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Yankee Doodle

Ever wonder where that song came from? It's history? Used to be one every kid learned. Obviously native Americans weren't the only ones fascinated with feather headress, although they took it to an extreme, lol.

The number of pasta shops in Naples went from sixty to 280 between the years 1700 and 1785. Young English aristocrats making the grand tour in the eighteenth century were shown the city where pasta hung everywhere to dry?in the streets, on balconies, on roofs. Neapolitan street vendors sold cooked spaghetti from stalls with charcoal-fired stoves, working with bowls of grated Romano cheese beside them. Customers would follow the example of the barkers, who lifted the long strands high and dropped them into their mouths. The grand tourists assumed that the fork hadn't yet caught on in Italy, whereas it was the Venetians who in the sixteenth century had introduced the fork to Europe.

Englishmen went home full of Italy, and became known as macaronis for their foreign affectations. In the mid-eighteenth century macaroni referred to an overblown hairstyle as well as to the dandy wearing it, which may be why Yankee Doodle stuck a feather in his cap and called the effect macaroni. (A species of penguin with an orange-colored crest is called the macaroni penguin.) Doodle comes from a German word meaning "simpleton"?the same definition that noodle had at the time (honest, starchy foods like dumplings have long had bad reputations). The song "Yankee Doodle" was used by the British to ridicule the American colonists, who adopted it in self-defense.

Most of us may only remember singing the chorus. From the Cagney movie Yankee Doodle Dandy. Probably the part as children that we found most attractive and dropped off the rest of it. I wouldn't be surprised if the song didn't drive a few parents batty if the kid kept singing the catchy tune.

I'm a Yankee Doodle Dandy,
A Yankee Doodle, do or die;
A real live nephew of my Uncle Sam's,
Born on the Fourth of July.
I've got a Yankee Doodle sweetheart,
She's my Yankee Doodle joy.
Yankee Doodle came to London, just to ride the ponies;
I am the Yankee Doodle Boy.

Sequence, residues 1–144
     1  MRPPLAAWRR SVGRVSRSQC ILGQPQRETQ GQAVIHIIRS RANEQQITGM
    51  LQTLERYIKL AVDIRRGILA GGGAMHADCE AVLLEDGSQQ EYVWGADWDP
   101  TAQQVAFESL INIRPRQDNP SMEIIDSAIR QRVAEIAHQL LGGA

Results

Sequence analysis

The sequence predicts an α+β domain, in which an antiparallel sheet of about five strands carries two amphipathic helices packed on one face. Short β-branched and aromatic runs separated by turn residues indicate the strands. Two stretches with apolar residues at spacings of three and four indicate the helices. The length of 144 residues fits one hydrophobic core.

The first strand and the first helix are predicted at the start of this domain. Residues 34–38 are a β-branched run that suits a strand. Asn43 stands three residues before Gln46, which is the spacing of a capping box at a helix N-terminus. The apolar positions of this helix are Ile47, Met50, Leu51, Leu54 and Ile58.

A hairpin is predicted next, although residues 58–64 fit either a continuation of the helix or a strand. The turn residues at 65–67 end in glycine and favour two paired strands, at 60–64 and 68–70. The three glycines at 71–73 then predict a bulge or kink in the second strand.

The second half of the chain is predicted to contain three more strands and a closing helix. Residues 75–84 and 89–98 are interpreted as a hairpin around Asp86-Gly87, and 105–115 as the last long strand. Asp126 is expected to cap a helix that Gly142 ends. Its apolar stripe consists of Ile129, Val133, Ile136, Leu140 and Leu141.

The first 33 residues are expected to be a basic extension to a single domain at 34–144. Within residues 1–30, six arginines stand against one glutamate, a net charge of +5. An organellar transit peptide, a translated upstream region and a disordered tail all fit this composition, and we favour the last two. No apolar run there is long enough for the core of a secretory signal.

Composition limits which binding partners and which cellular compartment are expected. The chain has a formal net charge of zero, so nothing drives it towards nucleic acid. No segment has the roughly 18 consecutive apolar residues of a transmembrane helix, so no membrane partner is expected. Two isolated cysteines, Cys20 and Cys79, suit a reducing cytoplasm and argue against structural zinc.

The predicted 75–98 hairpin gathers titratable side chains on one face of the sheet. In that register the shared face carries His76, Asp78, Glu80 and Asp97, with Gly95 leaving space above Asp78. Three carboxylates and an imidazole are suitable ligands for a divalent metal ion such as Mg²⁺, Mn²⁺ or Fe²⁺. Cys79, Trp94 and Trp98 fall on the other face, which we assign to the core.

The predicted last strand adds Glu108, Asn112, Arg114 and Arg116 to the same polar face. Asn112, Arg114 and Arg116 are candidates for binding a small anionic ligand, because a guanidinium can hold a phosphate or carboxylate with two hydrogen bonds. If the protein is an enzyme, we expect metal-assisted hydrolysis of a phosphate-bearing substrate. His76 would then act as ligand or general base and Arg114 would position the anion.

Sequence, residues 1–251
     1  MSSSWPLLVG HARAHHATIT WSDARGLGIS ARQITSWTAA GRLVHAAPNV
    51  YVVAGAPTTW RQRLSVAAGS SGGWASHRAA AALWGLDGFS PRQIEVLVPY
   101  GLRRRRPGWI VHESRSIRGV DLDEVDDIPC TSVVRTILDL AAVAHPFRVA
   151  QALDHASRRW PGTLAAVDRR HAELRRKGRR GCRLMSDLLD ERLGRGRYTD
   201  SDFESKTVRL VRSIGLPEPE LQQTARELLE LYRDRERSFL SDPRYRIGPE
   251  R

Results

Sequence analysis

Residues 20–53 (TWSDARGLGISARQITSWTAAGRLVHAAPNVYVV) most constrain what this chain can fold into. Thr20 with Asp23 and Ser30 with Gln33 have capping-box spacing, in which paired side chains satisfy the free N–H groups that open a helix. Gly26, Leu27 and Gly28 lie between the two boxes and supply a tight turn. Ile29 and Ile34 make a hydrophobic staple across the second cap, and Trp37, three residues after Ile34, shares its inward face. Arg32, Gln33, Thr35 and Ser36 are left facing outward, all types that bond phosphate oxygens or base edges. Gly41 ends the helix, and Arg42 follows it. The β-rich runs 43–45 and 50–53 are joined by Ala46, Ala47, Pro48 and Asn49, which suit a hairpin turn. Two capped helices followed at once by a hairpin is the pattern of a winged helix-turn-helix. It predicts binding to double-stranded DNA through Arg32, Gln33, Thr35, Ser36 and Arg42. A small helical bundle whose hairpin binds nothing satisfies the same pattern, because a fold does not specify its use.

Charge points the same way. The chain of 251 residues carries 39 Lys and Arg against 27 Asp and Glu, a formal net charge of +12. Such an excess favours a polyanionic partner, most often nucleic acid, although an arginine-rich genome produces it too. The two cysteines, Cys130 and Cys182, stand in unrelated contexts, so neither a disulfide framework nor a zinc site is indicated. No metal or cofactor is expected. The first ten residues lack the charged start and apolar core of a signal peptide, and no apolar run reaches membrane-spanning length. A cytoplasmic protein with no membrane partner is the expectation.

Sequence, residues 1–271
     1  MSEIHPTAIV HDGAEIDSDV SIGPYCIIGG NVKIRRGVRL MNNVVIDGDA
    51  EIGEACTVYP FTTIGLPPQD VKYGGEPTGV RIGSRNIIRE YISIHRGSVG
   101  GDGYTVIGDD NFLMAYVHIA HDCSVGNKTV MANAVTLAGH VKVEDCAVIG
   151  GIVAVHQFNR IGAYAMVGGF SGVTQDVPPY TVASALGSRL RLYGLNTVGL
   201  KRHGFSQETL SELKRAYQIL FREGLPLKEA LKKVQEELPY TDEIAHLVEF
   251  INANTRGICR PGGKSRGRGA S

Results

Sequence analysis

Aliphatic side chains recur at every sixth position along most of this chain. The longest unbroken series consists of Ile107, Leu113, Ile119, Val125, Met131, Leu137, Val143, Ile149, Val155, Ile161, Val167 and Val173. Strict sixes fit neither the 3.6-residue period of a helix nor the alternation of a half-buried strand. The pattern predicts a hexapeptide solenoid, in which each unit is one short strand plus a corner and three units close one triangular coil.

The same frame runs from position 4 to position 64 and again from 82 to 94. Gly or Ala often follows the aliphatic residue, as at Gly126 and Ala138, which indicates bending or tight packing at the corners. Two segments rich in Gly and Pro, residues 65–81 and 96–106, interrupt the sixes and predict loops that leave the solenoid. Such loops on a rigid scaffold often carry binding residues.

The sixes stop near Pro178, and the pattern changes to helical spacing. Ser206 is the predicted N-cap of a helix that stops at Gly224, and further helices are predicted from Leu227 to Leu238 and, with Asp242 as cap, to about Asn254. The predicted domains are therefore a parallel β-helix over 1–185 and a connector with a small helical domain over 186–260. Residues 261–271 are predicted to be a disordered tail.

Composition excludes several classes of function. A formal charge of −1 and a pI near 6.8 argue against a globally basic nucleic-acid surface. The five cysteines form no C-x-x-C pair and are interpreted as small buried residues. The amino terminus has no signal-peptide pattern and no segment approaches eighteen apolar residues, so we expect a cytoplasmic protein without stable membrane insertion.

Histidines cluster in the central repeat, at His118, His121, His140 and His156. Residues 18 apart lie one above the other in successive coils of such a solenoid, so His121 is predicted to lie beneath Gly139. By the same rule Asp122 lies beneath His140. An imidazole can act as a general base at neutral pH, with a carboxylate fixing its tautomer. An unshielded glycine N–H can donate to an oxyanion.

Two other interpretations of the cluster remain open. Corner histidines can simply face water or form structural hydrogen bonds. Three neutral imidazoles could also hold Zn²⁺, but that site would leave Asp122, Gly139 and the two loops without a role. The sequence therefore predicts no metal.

The older version is arguably the more popular over time, the one I remember most myself.

Yankee Doodle went to town
A-riding on a pony
Stuck a feather in his hat
And called it macaroni.

Yankee Doodle, keep it up
Yankee Doodle dandy
Mind the music and the step
And with the girls be handy.

Father and I went down to camp
Along with Captain Gooding
And there we saw the men and boys
As thick as hasty pudding.

Yankee Doodle, keep it up
Yankee Doodle dandy
Mind the music and the step
And with the girls be handy

There was Captain Washington
Upon a slapping stallion
A-giving orders to his men
I guess there was a million.

Yankee Doodle, keep it up
Yankee Doodle dandy
Mind the music and the step
And with the girls be handy.

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From an old dictionary...

In reply to: Yankee Doodle

From "A Classical Dictionary of the Vulgar Tongue" by Captain Francis Grose. First printed in 1785 and later revised by Grose.:
"Maccaroni. an Italian paste made of flour and eggs. Also a fop: which name arose from a club, called the Maccarini Club, instituted by some of the most dressy travelled gentelmen about town, who led the fashions; whence a man foppishly dressed, was supposed to be a member of that club, any by contraction styled a Maccaroni."

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I forgot...

In reply to: From an old dictionary...

I forgot. From the same dictionary by Grose;
Yankey, or Yankey Doodle. A booby, or country lout; a name given to the New England men in North America.

Doodle. A silly fellow, or noodle. (noodle was slang for the head)

Trivia, same era: Doodle Sack. A bagpipe. Dutch. - Also the private parts of a woman.

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In reply to: I forgot...

we now use the word "doodle" for things like scribbling and drawing on a paper while using the phone, or bored during a class, etc.

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I like this one too.

In reply to: I forgot...

Meaning same as what we today would call a "hay seed". Someone from the country with a bit of straw still stuck in his hair.

From Dictionary dot com.


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